Based on data derived by following the driving patterns of Nano users across all major cities, the Bosch sourced ECU was tweaked, and the Drive by Wire throttle mapped appropriately – in an effort to increase fuel efficiency. As a result, the manual now returns 23.6 kmpl, while the AMT version has a mileage of 21.9Km/l, which, in comparison, is lower than the Alto K10 AMT’s 24.71Km/l.
The new Nano now also has a 24 liter fuel tank. According to feedback received, existing users didn’t prefer having to make two trips to the gas station every week, to tank up the erstwhile 16 liter tank. The additional fuel capacity means the driving range is extended by approximately 210 kilometers now to over 500.
Handling has otherwise been improved by the car’s chassis and frame getting stiffer. To account for the loss of torsional rigidity due to the lack of a fixed rear hatch, Tata has strengthened the body-in-white significantly, apart from adding to the frontal-crash zone length. The C-pillar and front sections have been reinforced; while intrusion beams for side crash protection has been added on all four doors.
Apart from enhanced safety, this has resulted in a stiffer Nano which feels more confident and sure-footed on the road. Stability at higher speeds is commendable too. Independent suspension all around and anti-roll bars keep those 12 inch tires on the ground when pushed hard.
The Electric Power Assisted Steering (EPAS) is incredibly light for easy maneuvering in tight driving and parking situations in cities, with the GenX changing directions at city speeds at the drop of a hat. The EPAS system uses brushless motor technology and also has an ‘Active Return’ feature. A turning radius of 4 meters is too good to be true in crowded environs.
The brakes take some time getting used to. Being drums all around, stepping on them and expecting sincere declaration, invokes fear and reinstates the reflexes.
While the variants XE, XM and XT continue with the 4-speed manual transmission, the top end XTA variant benefits from the aforementioned Automated Manual Transmission.
The AMT benefits from a Magnetti Marelli sourced actuator unit, has five speeds, a Creep function and a Sports mode.
An AMT gearshift feels like some invisible being is banging cogs for you, hence the shifts aren’t exactly the quickest – more so in the case of single-clutch AMTs, like the one on the Nano. Everything’s mechanically similar to a stick-shift, except a computer performs the clutch work.
The Genx Nano Easy Shift performs well, but shifts take their own sweet time to fall into place. Once used to, however, the Nano and its AMT make tremendous sense in city traffic. Its diminutive size can be flung into gaps in traffic without sweat, and when the AMT hooks up after its pause, the Nano settles into its own pace, which is fairly adequate.
Creep was envisioned for stop-go traffic conditions and to increase the ease of parking. Creep works in Drive and Reverse modes. Stuck in either the GenX Nano can be inched forwards or backwards by just taking the foot off the brake. Maximum speed in Creep would be about 5-7 km/h, post which one needs to mash the gas.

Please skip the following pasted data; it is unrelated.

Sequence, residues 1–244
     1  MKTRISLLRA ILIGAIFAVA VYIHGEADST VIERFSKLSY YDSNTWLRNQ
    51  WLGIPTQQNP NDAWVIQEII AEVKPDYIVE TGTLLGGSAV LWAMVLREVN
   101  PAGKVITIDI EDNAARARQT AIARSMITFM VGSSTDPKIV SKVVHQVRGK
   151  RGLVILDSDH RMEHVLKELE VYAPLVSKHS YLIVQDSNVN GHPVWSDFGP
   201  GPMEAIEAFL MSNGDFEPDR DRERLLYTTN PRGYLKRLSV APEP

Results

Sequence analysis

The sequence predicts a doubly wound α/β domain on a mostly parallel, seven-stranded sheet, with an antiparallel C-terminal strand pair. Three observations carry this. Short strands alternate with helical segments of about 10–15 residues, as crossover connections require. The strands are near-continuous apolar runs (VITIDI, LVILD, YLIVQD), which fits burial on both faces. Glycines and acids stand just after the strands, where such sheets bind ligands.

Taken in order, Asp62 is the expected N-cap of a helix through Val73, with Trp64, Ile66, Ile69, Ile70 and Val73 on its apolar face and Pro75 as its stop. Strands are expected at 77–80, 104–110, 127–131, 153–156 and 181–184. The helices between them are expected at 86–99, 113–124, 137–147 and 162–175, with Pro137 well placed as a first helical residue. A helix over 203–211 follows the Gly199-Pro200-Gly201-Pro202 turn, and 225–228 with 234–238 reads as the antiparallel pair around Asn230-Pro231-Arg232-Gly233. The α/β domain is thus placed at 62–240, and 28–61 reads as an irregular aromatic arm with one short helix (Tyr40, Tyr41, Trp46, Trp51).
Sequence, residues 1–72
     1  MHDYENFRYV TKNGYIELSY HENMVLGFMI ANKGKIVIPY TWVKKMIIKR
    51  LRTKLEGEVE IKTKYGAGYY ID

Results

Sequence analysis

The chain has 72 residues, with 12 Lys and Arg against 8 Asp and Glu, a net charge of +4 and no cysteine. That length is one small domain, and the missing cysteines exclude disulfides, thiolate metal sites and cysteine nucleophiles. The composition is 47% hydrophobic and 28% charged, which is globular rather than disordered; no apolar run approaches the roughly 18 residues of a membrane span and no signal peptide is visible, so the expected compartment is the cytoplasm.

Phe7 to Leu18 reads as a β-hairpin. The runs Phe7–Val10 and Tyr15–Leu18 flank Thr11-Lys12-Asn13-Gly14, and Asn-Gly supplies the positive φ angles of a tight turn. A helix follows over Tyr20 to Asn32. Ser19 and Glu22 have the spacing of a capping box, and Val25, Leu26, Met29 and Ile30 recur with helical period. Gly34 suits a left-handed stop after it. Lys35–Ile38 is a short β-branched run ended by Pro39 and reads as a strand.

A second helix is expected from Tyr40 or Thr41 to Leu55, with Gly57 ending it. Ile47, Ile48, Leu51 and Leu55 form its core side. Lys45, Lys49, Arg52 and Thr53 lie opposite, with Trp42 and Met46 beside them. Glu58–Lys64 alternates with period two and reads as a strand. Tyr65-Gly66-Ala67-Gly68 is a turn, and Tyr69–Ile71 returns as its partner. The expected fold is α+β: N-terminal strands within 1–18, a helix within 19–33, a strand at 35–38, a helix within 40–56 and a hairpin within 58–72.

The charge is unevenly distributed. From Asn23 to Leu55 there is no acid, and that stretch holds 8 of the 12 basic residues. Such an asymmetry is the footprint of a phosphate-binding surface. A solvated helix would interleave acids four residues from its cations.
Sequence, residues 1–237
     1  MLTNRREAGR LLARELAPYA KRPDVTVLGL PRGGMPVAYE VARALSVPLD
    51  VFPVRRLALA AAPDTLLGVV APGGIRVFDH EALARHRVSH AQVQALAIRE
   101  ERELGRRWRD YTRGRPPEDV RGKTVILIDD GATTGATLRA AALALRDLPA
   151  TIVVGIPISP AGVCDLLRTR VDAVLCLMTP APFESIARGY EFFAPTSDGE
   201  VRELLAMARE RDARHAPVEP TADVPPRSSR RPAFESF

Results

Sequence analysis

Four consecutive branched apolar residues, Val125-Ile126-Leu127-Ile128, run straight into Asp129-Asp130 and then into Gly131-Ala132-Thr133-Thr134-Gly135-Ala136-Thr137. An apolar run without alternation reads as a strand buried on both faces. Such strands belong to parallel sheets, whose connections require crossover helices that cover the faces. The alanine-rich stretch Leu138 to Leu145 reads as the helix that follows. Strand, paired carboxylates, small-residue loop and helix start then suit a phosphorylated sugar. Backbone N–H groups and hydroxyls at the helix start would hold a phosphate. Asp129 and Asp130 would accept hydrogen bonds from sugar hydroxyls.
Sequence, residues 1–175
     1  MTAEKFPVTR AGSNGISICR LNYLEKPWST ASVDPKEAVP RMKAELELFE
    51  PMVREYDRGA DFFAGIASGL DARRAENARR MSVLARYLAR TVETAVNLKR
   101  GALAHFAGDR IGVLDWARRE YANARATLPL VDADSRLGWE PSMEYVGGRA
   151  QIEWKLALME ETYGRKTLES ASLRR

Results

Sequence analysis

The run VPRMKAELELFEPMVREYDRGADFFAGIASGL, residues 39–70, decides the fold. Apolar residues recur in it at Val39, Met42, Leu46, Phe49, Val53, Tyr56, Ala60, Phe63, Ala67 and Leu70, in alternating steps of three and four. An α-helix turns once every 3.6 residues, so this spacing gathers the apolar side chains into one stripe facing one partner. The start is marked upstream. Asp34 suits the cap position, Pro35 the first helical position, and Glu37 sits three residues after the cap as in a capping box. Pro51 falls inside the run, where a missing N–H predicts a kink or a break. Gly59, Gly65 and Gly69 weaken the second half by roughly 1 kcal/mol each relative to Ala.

And it works perfectly fine, especially during long spells of bumper to bumper traffic – with just one foot controlling the vehicle, fatigue decreases. The function is a boon, but called for a smoother implementation, as the vehicle feels slightly twitchy when the brakes are released. But that’d be just nitpicking, as AMTs are built to a cost.
The Sports Mode exists because Tata Motors thinks that existing Nano customers who enjoy wringing out their vehicles to the max. The gear ratios change if you put the car into Sport Mode and helps you to hold on to a lower gear for a little longer., but for the most part it doesn’t necessarily translate into significantly different performance. Where it does help is when you’re trying to overtake or quickly accelerate.
Next page for Verdict, Specifications & Image Gallery>>
Is the Genx Nano that good?
It makes a lot of sense, but isn’t the kind of thing that would blow you away. That’s primarily because everything is centered on an AMT; the rest is more of a brush-up with better quality all around. It’s good, but maybe not enough to reinvigorate brand Nano all by itself. The AMT is nicely integrated, but like all AMTs, is inherently lethargic. Overall refinement, too, could have been better.
The addition of an AMT makes the XTA variant a compelling city car, and a pretty smart one at that. It does diversify the appeal and reach of the Nano, especially to the fairer sex and the college going kinds, but in the process, moves more upmarket. There it shares space with opponents like the Maruti Alto K10 AMT and the Hyundai Eon, which are perceived to be ‘bigger’ cars in the Indian scheme of things, with engines having a cylinder or two more and having features like disc brakes.
That said, all will depend on the pricing, which still remains to be announced. We’ll be back with our final verdict once prices are announced.
Key features and Specifications for Nano 4MT
|Type||273 MPFI 12, 2 cylinder, MPFI 10.3CR|
|Cubic capacity||624 cc|
|Made of||Head & BlockAluminum|
|Installation||Transverse, Rear wheel drive|
|Max power||38.19 PS @ 5500 RPM (+/-250)|
|Max torque||51 Nm @ 4000 RPM (+/-500)|
|Bore/stroke||73.5 mm x 73.5 mm|
|Compression ratio||10.3 1|
|Valve gear||SOHC 2 valves/ cylinder|
|Engine management||ECU controlled|
Chassis and Body
|Construction||Hatchback, 5 Door, Monocoque|
|Kerb weight||695 – 735 kgs|
|Tyre size / Types||135/70R12-F (Tubeless), 155/65 R12-R (Tubeless)|
|Overall Length||3164 mm|
|Max. Width||1750 mm (with ORVM)|
|Overall Height||1652 mm|
|Wheel Base||2230 mm|
|Track Front||1325 mm|
|Track Rear||1315 mm|
|Ground Clearance||190 mm (unladen)|
|Fuel Tank capacity||24 litres|
|Type||TA59 Synchromesh on all forward gears, 4 Forward + 1 Reverse|
|4th||0.838 for XE & 0.96 for XM & XT|